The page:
There are many principles that guide our philosophies, our thought, our reason, and even our morality. Two of the most important ones for me are the Cosmological Principle and the Anthropic Principle. Despite their opposite-sounding names, they are not mutually exclusive!
The Cosmological Principle
It can be phrased many ways, with many different connotations. The essence of the principle is that, when viewed from a larger perspective, Earth is not special within the universe. More specifically, it states that the laws of physics govern equally and universally, with no preference for any particular region within it.
To believe such a thing in ancient times was considered heretical. After all, almost all old religion positioned the Earth as the center of the universe, at least metaphorically if not physically. But the more we learned about the universe, the more we learned the fact that we are not at the center of the universe, the perhaps painful fact that we are not special. A frightening fact indeed.
In 2006, the Cassini spacecraft took a picture where Saturn eclipsed the Sun. There was a little dot in one area. At first you might think it is just one of Saturn’s moons, or perhaps a stray asteroid. Surely that can’t be anything we call special, right?
That dot turns out to be the Earth entire.
Now, on to the second rule.
The Anthropic Principle
Only those universes with the conditions to have life would be observed by such life from within. Therefore, given that we are observing our own universe from within, our universe must have sufficient conditions for life. That is to say, just for having life, our universe is not special.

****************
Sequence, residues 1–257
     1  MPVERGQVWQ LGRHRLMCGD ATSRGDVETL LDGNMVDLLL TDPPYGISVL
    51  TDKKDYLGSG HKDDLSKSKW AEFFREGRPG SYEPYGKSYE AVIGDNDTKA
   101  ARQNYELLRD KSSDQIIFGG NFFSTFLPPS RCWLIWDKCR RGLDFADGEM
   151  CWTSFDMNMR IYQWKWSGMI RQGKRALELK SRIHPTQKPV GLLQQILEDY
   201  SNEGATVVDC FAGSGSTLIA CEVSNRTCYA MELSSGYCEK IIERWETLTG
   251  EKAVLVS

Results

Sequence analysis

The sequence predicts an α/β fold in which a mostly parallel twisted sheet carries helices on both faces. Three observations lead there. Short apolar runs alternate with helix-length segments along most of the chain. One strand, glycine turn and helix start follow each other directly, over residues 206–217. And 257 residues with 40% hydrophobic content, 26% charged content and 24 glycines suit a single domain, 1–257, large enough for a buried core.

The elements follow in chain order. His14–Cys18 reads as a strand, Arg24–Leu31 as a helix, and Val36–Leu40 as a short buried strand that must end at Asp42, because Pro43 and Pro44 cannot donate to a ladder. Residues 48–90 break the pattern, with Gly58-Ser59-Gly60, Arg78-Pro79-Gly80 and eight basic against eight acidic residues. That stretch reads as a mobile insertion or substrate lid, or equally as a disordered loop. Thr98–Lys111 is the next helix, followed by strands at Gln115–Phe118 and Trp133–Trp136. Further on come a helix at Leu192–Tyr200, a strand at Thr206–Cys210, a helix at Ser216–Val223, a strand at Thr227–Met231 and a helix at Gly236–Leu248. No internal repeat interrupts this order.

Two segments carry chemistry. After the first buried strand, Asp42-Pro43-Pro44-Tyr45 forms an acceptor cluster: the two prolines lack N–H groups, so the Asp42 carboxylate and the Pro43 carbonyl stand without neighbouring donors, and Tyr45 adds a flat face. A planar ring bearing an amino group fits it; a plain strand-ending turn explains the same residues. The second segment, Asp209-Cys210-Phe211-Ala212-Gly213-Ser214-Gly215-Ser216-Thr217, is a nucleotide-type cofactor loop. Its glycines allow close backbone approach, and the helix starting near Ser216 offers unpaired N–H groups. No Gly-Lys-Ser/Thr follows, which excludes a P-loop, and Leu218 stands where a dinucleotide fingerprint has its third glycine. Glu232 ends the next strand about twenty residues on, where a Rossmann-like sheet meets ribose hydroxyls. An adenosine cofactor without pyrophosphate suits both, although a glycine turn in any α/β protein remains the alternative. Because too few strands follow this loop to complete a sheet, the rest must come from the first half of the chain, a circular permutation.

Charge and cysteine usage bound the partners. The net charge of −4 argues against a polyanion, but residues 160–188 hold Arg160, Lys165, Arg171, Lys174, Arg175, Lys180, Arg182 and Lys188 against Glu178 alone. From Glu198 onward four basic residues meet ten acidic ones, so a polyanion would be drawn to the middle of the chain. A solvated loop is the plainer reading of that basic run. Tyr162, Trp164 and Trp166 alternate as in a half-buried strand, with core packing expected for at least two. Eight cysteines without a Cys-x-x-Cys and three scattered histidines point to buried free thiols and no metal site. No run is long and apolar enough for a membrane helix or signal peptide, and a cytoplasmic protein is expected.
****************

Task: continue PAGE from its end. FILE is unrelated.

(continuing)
With a multiverse, there may be billions, trillions, and possibly even infinitely many universes. Even if only a tiny fraction of universes support life, the anthropic principle shows that given we can observe our own universe, we are automatically in that tiny fraction.
After all, if our universe could not support life, then we cannot exist within it. So, there would be nobody in that universe to realize it cannot support life. Someone who has studied conditional probability should be able to understand this. While the chance that a universe supports life might only be 0.01% (i.e., our universe is “fine-tuned”), the chance that our universe supports life is 100% regardless, because we are already here to make the observation in the first place.
The anthropic principle says that our universe is not special, while the cosmological principle says that Earth is not special within the universe. As humans, we cannot afford to satisfy ourselves with Earth, merely one of the billions of billions of rocks in the universe. Rather, it is imperative to explore the universe and understand its mysteries.